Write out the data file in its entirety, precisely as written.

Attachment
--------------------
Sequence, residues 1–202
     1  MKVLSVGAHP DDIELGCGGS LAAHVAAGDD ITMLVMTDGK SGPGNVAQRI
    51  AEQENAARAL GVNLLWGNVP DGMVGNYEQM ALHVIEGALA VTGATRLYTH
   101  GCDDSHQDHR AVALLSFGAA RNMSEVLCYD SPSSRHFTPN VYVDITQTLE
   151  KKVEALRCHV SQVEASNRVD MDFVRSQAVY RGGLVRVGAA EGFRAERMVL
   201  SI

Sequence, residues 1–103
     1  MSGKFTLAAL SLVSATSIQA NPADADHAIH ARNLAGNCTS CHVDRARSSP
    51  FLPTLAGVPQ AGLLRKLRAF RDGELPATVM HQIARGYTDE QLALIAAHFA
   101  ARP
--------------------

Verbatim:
Sequence, residues 1–202
     1  MKVLSVGAHP DDIELGCGGS LAAHVAAGDD ITMLVMTDGK SGPGNVAQRI
    51  AEQENAARAL GVNLLWGNVP DGMVGNYEQM ALHVIEGALA VTGATRLYTH
   101  GCDDSHQDHR AVALLSFGAA RNMSEVLCYD SPSSRHFTPN VYVDITQTLE
   151  KKVEALRCHV SQVEASNRVD MDFVRSQAVY RGGLVRVGAA EGFRAERMVL
   201  SI

Sequence, residues 1–103
     1  MSGKFTLAAL SLVSATSIQA NPADADHAIH ARNLAGNCTS CHVDRARSSP
    51  FLPTLAGVPQ AGLLRKLRAF RDGELPATVM HQIARGYTDE QLALIAAHFA
   101  ARP